- “What the government is suggesting is not necessarily the best option to follow, so the farmers have to be smart,” Hyun said. (Photo by The Jeju Weekly)
Jeju Weekly | February 24, 2012
Jeju produce under threat by FTA
Mandarin farmers should be worried over KORUS FTA, says JNU professor
The KORUS FTA officially goes into effect at midnight KST on March 15. — Ed.
With the new KORUS Free Trade Agreement (FTA), Jeju mandarin and Hallabong may go the way of former fruit that were once grown on the island.
The history of mandarins on Jeju goes back to the Joseon Dynasty (1392-1910), and even further based on some accounts. Jeju National University Professor Hyun Kong Nam of the department of industrial and applied economics and one of the authors of “The Development History of the Mandarin Industry” said they were grown here specifically as offerings to be presented to the king.
But it wasn’t until the 1960s that Jeju really took to producing mandarins. “At the end of the 1960s, the government wanted farmers to make more profit so they gave them money to grow mandarins,” Hyun told The Weekly from his office on the university campus.
And the government initiative worked. Between 1966 to 1967 the amount of land on Jeju devoted to mandarin farming almost doubled to 1,111 ha, and by 1971 mandarin production exploded by 5,778 ha, a huge jump compared to the decade before when mandarin farms only accounted for 63.6 ha.
Around the same time Jeju began to cultivate bananas and pineapples. “There was this custom,” Hyun said, “that [President Park Chung Hee, in power from 1961 to 1979] would come down here and pick a farmer and give him money to raise a certain crop. He picked a Seogwipo farmer and gave him money to raise bananas.” And other farmers followed suit.
It was mostly well-off farmers that adopted these crops because of the costly greenhouses needed for the fruits to grow in Jeju’s climate. Before the late 1980s, Korea had strict control over the importation of goods, meaning that native bananas and pineapples had no foreign competition, and business was good.
“The banana was the most profitable crop I have ever seen,” said Seogwipo farmer Moon Dae Jin, who began growing mandarins and pineapples in 1984, but his main crop was the banana.
“The mandarin was a good crop of large income, too. But banana and pineapple were more profitable. In 1984, it was a hit because it was profitable. Also, the growing period was short. It brings high income for the investment,” Moon said.
It was not only farmers who were earning money from bananas but professionals like lawyers and businessmen who invested in the crop.
During the late 1980s, Korea’s economy was rapidly growing and because of its quarter import system it had a large export surplus and the international community (primarily the US, Korea’s largest exporting coun-try) requested that it start importing under the General Agreement on Tariffs and Trade (GATT), which Korea signed in 1967. GATT would later be replaced by the World Trade Organization in 1995.
“And the first thing that Korea opened up was bananas and pineapples,” Hyun said.
With the more temperate climates of East Asian countries and more land mass devoted to the cultivation of these fruits they were much cheaper and in more abundance than those grown on the island, and Jeju couldn’t compete.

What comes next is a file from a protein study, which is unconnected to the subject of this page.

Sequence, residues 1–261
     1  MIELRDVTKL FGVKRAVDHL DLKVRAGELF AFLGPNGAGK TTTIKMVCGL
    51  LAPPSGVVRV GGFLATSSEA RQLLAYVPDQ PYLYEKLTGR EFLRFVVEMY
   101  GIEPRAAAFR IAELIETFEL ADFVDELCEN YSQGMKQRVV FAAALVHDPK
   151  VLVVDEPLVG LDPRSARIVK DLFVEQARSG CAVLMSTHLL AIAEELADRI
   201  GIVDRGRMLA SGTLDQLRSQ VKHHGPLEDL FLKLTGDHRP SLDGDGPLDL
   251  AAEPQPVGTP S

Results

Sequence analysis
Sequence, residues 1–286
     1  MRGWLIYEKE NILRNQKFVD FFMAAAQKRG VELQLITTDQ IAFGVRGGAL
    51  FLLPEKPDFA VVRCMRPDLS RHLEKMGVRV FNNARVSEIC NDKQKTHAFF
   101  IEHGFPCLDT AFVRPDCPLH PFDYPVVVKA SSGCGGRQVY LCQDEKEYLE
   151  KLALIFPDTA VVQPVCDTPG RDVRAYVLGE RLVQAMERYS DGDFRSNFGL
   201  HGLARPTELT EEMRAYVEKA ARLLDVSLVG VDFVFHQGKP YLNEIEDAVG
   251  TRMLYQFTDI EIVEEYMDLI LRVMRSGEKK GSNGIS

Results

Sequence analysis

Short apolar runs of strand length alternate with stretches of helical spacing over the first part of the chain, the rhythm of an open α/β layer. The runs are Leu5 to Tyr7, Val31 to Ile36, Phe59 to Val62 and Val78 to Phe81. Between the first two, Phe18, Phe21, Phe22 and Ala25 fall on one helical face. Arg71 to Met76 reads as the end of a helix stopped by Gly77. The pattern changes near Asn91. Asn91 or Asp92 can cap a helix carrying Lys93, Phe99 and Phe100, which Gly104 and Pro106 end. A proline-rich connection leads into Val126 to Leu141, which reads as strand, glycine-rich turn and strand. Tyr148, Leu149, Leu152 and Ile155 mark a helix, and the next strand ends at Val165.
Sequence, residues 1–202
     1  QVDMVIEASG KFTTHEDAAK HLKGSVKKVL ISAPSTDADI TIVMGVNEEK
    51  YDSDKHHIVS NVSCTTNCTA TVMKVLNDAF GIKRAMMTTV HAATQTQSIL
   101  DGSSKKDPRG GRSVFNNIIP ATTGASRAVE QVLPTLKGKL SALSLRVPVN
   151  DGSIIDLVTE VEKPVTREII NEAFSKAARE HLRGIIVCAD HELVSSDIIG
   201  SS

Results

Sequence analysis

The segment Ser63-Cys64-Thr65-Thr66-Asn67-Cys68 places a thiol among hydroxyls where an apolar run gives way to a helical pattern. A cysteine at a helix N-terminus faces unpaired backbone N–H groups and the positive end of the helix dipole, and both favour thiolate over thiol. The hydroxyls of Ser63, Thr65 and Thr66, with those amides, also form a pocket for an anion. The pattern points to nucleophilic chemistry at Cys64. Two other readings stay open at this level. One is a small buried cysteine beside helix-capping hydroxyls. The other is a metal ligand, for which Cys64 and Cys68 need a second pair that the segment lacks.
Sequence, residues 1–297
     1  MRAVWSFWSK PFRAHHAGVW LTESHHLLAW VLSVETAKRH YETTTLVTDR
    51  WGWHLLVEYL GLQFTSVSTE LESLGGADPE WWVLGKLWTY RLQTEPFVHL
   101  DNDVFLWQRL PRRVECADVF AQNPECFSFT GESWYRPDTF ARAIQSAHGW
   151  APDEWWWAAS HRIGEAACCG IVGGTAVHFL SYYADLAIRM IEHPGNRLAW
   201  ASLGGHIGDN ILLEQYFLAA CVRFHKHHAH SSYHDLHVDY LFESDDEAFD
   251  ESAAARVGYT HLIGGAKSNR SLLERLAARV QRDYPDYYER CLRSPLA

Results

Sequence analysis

“The Jeju banana was three to four times more expensive than the imported ones,” said Moon. “That’s because in Jeju, farmers had to build equipment [like green houses] so the production cost was high. In other countries, people don’t need it.”
Within two years there were no more banana or pineapple farms on the island and “a lot of people [went] bankrupt,” Hyun said.
“The atmosphere was awful,” said Moon. Many farmers had to sell their land and equipment, which went for one-tenth the original cost. Those who were able to keep their land went back to farming mandarins and, like Moon, used their green houses to grow Hallabong.
In 1995, Korea began importing oranges and since 1998 (the year with the most amount of land devoted to mandarins), the farming hectares for mandarins has been on a steady, yet gradual decrease from 25,802 ha to 20,947 ha in 2010. And Hyun predicts that because of the FTA, profits from this ubiquitous Jeju fruit will be severally damaged.
Currently, the cost to import fruit is 50 percent of the purchasing price. When the FTA is enacted on a date yet to be decided, that number will drop to 30 percent within the first three years, and in seven years there will be no taxes at all.
“There will be a vast amount of oranges coming in because they are cheap. A lot of economists and farmers believe … if people can buy the oranges for a cheaper price [than mandarins]” they will, Hyun said.
To prevent the mandarin going the way of the banana, the FTA states that during its harvest period from September to February, import taxes will go back to 50 percent. For Hyun, this causes more problems than it tries to solve, for the mandarin will have to compete with foreign oranges from March, greatly affecting farmers’ profits.
Though mandarins are expected to be hit hard because of the FTA, all fruits that Korea and Jeju produce will lose value, “especially Hallabong and expensive mandarins,” Hyun said. “They will be more influenced because their harvest season is from February to April. Starting in March oranges can come in for cheap.”
Hyun says the government suggests that farmers change crops to lessen supply and up the demand, but for him this isn’t enough.
Hyun offered three suggestions; increase greenhouse farming research, change to growing green tea or flowers, and “you can quit farming and go get a job somewhere else.”
“The farmers should be worried,” Hyun said. “What the government is suggesting, is not necessarily the best option to follow, so the farmers have to be smart.”
(Interpretation by Angela Kim and Kim Jung Lim)